2015 Archived News

The Parthenon Marbles: To litigate or not to litigate?

The Parthenon Marbles: To litigate or not to litigate?


In an ideal world the issue of the reunification of the Parthenon Marbles would be settled on cultural grounds, to restore the integrity of a single work of art of rare importance.  Recourse to litigation ought not to be necessary.  


The BCRPM, British Committee for the Reunification of the Parthenon Marbles  however is not purist about this.  If the matter were to be resolved through litigation we would be gratified. Litigation however must be treated with care.


In the case of the Parthenon Marbles litigation has much in common with the Trident nuclear deterrent. Its value is more in its threat than in its use, for a number of reasons, including:


a. Certainly there is much evidence that Lord Elgin exceeded the authority granted to him by the Ottoman authorities in amputating large amounts of structural components from the Parthenon,  but much of it is circumstantial and not necessarily adequate to satisfy judicial standards of proof.  The onus of this proof is on the plaintiff.  Thus the judicial hurdle facing the plaintiff (presumably Greece) is higher than that faced by the defendant (the British Museum or the British Government).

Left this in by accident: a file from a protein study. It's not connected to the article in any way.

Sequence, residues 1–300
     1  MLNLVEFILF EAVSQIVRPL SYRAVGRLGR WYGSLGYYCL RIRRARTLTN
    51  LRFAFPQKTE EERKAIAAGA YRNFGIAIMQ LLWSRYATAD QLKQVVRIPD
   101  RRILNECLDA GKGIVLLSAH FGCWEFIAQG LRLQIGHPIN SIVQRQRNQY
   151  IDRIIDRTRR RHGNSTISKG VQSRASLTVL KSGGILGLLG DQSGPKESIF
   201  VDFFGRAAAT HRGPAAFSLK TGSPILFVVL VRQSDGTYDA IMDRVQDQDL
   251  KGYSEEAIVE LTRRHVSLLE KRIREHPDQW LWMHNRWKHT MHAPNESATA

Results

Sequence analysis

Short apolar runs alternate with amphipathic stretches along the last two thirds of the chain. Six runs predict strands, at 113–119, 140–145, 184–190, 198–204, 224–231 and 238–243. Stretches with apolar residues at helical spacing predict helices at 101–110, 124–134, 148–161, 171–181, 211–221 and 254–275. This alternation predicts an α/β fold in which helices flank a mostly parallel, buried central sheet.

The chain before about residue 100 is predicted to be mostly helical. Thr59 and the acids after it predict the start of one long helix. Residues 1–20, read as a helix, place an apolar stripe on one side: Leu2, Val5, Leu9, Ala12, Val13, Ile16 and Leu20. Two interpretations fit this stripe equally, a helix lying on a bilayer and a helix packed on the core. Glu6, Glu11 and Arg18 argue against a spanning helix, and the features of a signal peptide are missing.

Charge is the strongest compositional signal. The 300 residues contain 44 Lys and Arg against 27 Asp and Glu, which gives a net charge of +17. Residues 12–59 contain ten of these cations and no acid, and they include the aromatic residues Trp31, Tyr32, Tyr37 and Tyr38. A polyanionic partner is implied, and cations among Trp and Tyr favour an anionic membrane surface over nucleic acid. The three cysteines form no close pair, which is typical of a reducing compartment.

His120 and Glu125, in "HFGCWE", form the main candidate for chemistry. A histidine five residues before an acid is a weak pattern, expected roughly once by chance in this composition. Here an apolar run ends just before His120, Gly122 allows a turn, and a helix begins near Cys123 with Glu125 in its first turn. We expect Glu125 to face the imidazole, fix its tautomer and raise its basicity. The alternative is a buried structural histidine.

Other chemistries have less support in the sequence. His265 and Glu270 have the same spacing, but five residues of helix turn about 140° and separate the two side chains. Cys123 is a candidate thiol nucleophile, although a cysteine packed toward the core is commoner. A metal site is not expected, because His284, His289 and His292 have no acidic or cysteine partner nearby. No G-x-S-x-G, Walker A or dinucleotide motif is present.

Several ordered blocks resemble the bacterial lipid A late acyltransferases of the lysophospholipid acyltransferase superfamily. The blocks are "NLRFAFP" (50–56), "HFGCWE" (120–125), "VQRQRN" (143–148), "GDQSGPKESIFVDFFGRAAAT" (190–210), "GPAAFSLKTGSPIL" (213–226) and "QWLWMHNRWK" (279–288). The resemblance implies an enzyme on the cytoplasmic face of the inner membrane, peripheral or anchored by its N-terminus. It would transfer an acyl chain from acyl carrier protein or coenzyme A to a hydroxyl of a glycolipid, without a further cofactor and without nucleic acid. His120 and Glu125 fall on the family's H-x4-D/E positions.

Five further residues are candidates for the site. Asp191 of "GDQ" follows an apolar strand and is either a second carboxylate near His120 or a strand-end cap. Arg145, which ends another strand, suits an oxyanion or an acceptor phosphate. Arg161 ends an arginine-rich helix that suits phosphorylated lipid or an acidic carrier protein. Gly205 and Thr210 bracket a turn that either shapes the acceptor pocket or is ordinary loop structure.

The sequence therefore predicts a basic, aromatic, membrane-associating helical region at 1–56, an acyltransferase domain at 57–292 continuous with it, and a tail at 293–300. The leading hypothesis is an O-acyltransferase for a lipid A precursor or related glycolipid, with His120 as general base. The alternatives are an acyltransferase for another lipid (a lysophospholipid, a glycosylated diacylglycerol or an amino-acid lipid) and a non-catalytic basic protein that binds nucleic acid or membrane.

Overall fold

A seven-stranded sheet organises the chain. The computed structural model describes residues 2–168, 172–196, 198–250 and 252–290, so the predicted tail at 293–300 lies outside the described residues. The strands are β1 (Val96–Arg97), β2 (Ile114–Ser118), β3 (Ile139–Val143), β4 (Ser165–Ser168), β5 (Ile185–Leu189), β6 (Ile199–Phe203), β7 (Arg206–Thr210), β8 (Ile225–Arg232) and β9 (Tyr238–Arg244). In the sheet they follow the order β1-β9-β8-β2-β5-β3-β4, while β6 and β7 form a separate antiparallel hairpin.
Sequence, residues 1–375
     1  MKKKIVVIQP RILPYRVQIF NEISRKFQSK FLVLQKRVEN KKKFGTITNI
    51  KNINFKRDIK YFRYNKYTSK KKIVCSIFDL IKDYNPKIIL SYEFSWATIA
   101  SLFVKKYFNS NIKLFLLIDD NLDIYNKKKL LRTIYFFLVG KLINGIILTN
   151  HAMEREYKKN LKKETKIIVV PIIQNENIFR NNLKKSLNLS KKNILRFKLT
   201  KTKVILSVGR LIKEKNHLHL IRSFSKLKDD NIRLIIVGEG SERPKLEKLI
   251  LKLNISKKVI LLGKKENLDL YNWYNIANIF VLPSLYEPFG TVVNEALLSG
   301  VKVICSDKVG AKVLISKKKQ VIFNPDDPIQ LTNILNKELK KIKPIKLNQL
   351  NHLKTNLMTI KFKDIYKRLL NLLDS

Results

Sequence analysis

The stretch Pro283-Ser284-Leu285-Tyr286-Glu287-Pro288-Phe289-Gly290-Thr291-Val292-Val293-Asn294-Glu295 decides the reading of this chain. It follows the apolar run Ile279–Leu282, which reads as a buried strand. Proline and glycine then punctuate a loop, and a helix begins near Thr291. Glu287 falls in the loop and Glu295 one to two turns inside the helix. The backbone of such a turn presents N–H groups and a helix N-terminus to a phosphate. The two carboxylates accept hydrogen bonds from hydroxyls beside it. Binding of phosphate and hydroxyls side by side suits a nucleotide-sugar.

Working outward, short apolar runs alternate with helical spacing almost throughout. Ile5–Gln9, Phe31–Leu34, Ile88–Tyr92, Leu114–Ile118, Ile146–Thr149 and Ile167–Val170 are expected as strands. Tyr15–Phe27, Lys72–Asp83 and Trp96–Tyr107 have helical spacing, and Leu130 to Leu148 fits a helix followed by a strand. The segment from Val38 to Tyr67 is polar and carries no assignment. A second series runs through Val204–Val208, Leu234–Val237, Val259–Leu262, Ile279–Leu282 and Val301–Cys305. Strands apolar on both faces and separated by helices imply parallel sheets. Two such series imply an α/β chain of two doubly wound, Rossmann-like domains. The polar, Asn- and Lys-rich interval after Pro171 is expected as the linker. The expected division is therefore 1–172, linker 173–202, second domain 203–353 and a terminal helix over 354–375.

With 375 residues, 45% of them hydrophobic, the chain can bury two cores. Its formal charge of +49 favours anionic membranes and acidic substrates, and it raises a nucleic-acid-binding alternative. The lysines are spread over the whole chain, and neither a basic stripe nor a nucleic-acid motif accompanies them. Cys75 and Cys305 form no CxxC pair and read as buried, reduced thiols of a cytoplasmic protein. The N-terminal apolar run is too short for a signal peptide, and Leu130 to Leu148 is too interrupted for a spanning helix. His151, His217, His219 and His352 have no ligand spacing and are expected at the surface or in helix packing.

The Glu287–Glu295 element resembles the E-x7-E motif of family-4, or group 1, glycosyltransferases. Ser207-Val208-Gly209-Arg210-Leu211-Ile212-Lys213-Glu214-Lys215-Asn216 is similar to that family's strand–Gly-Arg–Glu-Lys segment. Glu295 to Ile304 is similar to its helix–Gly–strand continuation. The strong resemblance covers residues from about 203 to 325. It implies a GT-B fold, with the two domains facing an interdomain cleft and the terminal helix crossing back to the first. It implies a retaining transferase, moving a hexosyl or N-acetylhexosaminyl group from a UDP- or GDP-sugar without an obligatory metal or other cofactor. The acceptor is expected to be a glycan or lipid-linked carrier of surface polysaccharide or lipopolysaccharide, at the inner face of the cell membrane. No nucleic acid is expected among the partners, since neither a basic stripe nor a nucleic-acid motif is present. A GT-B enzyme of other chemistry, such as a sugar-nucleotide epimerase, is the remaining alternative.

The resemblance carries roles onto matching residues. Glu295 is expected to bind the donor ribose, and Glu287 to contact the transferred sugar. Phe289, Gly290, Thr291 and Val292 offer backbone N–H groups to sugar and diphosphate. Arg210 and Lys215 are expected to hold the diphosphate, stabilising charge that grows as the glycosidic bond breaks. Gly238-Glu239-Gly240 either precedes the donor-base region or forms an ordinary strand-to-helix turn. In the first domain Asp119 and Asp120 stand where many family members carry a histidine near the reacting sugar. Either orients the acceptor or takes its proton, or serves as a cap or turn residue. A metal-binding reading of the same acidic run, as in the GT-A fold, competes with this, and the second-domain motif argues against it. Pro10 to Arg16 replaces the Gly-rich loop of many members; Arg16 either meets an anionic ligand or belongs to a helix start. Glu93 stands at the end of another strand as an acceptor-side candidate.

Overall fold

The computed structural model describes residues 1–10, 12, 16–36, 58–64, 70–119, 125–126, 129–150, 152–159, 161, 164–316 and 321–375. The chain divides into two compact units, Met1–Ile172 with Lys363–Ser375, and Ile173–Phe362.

b. Add to this the legal technicalities which could thwart even the presentation of the circumstantial evidence. Such as:

- the demise of the Ottoman State under which Elgin’s alleged illegalities took place.

- the fact that the Greek National State did not exist nor had ever existed at that time.

- the statute of limitations after the passage of over 200 years.


c. Much of the massive public sympathy for the demand for reunification derives from the strong impression of illegality and moral dubiety in Elgin’s actions.  A single act of suicide by litigation could seriously erode this sympathy vote. 


Thus litigation is of more value as a threat in the repertoire of recourses available to the Greek Government as it pursues the matter through diplomatic and other means.


Ta Nea COVER 20 12.2015.pdf


Ta Nea article 20 December 2015.pdf